21. Chris, I feel your pain, for sure. About the only thing to do in our area (I'm just north of Boston) is cross state lines. At least you live in a small state, so the state lines are close. :-) I'm always searching for good rums, and often make "rum runs" to check out liquor stores that advertise a decent rum selection. I have been trying to keep track of what stores have various notable brands, or at least if they have a good selection. This summer I plan on hitting many stores in Connecticut, since I can't find much agricole or cachaca in Massachusetts. 4 brands that I am looking for aren't distributed in Mass, but are available (somewhere) in CT. I have to say that I have only seen the 12-year-old Montecristo in my runs, but if I ever spot it I'll let you know.
  22. Your quotes match what I have heard, too. Seems like the true reasoning behind the names is lost, but it leans to triple sec being dryer than the sweeter curacaos, and also seems to imply that triple secs are of higher quality. But the "bastardization" of the name curacao rings true if one reads the Senior web site which explains why they call their product "Curacao of Curacao." We named it "Curacao of Curacao" to differentiate it from other brands of Curacao liqueur that are not original. We are the only original since we have the only Curacao liqueur processed with the dried peels of the "Laraha" (bitter orange native of Curacao).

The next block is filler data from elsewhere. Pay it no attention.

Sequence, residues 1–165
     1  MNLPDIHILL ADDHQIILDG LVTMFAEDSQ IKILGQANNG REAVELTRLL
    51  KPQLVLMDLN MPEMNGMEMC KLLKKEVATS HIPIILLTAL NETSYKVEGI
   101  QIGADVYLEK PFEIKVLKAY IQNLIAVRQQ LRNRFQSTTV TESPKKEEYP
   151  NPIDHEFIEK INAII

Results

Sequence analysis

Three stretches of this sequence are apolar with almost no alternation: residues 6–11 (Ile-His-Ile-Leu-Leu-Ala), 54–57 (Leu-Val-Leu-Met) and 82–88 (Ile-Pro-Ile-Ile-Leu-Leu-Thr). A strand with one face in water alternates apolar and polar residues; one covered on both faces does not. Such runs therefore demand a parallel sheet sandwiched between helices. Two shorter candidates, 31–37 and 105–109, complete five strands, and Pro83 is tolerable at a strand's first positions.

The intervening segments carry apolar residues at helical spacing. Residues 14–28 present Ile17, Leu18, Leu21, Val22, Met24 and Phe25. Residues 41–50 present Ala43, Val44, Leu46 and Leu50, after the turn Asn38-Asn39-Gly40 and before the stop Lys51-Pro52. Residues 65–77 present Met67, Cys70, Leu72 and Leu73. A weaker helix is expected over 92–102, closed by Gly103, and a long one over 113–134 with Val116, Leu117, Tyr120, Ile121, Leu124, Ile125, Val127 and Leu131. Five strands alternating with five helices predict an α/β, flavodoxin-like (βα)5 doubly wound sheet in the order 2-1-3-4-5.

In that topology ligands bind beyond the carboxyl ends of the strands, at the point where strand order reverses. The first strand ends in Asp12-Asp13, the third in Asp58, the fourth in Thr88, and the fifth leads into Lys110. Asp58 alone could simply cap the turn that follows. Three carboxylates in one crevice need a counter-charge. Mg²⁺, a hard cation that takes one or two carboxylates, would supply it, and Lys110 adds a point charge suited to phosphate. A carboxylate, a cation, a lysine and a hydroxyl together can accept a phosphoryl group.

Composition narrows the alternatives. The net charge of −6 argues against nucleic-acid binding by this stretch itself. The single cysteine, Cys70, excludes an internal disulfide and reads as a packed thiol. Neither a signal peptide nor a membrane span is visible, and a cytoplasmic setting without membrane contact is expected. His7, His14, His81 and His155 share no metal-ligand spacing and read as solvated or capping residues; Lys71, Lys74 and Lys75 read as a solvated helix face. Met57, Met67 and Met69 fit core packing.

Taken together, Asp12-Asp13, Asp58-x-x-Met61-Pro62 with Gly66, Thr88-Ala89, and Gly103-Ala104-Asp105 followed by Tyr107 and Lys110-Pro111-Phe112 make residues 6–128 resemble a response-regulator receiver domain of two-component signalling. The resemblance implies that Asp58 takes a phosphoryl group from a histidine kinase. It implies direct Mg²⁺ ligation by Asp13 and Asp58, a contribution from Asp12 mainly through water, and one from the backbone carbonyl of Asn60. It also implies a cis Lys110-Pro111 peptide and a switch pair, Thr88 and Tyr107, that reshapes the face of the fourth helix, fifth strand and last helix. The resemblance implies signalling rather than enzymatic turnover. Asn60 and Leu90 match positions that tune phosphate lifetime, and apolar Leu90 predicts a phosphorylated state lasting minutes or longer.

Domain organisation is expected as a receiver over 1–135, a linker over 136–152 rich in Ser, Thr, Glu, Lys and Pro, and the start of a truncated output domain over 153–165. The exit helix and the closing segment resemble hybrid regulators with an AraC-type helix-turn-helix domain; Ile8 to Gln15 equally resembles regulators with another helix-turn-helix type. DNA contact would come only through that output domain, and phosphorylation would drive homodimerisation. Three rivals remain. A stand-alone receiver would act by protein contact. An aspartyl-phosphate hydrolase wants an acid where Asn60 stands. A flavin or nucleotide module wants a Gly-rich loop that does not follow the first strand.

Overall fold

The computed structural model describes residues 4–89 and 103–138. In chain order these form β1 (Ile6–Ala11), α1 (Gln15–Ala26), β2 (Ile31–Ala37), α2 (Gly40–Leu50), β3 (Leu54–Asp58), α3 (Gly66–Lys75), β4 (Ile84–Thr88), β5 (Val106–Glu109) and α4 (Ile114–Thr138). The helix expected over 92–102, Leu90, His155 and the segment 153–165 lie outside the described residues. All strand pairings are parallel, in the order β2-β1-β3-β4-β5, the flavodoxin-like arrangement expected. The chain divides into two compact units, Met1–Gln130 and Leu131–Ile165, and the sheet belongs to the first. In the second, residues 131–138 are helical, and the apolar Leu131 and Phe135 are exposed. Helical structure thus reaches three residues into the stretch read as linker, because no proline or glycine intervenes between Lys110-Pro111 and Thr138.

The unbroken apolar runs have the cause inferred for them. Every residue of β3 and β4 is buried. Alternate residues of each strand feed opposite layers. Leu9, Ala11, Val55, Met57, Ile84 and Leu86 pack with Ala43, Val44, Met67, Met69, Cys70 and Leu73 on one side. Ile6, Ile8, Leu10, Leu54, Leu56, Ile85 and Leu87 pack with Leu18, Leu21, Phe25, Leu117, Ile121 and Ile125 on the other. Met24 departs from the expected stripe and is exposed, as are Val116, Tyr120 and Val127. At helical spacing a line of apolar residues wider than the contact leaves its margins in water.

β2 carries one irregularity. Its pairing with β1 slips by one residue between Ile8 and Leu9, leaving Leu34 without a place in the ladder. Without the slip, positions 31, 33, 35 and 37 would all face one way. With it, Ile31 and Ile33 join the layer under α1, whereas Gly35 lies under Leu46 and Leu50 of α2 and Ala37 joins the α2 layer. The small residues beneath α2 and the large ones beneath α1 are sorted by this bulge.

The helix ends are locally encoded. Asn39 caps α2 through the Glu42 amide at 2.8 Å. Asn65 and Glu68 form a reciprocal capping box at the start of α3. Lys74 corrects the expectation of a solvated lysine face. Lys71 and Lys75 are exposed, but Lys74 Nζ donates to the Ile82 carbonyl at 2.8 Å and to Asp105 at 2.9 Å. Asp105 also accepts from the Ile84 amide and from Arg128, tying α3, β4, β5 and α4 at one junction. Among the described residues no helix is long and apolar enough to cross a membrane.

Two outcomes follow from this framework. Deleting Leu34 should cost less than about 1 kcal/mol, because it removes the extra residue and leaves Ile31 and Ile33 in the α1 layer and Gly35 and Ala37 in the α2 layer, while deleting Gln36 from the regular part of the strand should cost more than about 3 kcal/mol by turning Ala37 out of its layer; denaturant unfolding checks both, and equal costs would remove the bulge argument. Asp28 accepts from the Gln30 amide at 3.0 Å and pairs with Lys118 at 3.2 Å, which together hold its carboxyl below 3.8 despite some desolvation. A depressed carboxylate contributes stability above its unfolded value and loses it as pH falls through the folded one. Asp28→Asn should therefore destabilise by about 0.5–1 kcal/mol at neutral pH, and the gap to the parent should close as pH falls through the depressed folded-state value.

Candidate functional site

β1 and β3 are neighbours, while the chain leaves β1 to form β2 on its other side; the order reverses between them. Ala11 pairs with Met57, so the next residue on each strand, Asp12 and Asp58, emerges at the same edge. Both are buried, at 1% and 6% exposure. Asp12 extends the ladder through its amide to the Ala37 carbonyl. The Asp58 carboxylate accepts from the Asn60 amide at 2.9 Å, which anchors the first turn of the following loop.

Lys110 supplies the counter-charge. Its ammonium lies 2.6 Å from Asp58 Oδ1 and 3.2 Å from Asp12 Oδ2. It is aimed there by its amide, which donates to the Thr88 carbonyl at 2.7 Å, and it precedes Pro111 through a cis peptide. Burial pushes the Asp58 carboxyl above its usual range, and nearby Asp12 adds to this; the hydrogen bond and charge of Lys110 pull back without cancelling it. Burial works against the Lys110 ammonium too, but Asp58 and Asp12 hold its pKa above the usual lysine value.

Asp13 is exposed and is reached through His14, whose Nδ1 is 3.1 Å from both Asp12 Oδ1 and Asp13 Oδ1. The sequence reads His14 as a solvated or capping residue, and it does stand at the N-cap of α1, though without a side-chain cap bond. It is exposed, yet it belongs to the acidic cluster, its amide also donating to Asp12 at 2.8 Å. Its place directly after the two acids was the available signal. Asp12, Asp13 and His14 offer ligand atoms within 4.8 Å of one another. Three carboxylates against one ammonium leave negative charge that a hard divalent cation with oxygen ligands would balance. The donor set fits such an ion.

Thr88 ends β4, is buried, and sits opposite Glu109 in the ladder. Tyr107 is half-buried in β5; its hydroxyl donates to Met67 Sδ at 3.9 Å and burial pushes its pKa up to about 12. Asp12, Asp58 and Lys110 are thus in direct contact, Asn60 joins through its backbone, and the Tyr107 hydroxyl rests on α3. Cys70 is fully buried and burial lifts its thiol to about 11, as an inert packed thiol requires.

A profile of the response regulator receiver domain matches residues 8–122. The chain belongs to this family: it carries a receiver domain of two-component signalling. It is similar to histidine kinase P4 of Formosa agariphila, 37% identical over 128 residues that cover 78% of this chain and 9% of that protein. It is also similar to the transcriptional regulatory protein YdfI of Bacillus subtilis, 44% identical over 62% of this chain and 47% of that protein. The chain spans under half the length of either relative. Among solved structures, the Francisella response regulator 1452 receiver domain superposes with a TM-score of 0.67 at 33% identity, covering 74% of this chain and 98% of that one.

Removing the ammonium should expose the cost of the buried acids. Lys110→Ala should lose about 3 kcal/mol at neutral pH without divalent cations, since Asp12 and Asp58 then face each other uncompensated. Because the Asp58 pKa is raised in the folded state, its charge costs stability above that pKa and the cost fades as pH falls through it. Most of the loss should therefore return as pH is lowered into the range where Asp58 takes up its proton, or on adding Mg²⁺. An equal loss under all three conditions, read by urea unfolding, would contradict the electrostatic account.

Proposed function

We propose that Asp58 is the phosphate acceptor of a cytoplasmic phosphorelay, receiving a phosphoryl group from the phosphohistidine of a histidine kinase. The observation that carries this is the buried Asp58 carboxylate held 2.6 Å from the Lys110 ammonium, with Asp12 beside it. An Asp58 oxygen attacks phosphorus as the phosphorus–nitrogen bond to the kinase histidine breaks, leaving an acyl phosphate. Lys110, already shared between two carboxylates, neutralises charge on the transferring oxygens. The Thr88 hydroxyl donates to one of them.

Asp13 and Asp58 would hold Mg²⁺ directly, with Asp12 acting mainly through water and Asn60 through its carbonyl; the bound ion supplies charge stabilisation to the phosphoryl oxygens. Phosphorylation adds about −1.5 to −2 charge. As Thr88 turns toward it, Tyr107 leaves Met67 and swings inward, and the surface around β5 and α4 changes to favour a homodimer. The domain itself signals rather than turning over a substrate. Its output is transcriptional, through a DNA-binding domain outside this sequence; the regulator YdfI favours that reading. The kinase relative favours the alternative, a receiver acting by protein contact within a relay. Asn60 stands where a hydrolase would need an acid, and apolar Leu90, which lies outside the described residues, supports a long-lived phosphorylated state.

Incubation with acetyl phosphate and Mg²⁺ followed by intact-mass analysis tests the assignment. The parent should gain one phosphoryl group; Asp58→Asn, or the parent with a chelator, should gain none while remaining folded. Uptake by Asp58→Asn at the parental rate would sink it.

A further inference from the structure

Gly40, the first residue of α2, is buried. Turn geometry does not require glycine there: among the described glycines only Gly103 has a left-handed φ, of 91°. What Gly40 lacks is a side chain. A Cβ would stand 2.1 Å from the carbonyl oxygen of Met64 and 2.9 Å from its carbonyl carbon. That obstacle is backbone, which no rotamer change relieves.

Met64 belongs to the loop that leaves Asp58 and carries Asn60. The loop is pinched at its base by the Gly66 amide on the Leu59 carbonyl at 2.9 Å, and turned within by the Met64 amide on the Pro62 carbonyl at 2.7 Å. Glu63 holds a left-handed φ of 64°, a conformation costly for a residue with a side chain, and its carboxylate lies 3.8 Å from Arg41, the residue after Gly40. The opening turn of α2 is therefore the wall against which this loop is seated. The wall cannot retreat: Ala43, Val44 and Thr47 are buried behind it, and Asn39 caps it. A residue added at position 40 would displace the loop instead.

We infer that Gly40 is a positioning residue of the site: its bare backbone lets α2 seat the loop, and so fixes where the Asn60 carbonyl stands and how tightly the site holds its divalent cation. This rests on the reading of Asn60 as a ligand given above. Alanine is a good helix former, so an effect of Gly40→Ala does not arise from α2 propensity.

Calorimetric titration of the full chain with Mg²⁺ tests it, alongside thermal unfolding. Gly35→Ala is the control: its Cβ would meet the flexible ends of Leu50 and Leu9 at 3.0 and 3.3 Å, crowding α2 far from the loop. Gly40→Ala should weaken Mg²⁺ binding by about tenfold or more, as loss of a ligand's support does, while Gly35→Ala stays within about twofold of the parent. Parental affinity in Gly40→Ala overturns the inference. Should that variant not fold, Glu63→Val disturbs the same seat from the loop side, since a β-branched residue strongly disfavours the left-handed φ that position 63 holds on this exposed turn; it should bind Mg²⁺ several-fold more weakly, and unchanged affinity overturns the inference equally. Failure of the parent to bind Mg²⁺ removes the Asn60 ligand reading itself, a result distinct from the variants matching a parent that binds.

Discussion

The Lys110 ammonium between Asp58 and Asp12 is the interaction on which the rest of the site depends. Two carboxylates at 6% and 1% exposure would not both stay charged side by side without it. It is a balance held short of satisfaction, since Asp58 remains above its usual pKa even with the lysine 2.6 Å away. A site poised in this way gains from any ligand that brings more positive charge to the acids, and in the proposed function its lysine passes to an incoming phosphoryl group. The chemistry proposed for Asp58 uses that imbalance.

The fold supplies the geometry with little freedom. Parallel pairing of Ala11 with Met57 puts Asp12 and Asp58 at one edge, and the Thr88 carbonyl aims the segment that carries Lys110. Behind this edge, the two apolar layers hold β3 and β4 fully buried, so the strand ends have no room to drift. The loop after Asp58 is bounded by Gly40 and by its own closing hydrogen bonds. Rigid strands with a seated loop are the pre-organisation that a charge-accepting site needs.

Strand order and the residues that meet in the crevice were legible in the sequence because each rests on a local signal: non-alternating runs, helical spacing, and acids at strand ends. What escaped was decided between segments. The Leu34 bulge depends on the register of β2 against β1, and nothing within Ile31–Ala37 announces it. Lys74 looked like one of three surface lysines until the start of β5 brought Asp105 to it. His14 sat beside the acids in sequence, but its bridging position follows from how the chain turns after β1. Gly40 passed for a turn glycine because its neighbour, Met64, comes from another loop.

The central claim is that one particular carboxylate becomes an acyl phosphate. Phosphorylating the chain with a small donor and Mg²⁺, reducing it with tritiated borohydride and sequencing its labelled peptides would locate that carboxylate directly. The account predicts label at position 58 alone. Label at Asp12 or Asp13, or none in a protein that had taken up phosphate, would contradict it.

23. Just my opinion, but I have a hard time calling something like Grand Marnier a triple sec just because of everything else going on. While it may technically be a triple sec I don't feel that such a title does justice - not mentioning the cognac base seems like hiding something while at the same time not mentioning a very important point. Would you call the Cuvee Du Cent Cinquantenaire a triple sec? Seems like heresy. In the end, I think the most imprtant thing is liking what you like. It really does depend on the person, the mood, and the cocktail. With that thought I'd say that I will always have Cointreau, Grand Marnier, and Citronge on hand. My bottle of Gran Gala will probably remain untouched for years to come. The others will be forgotten once they're all used up on cocktails or friends where the taste isn't so important.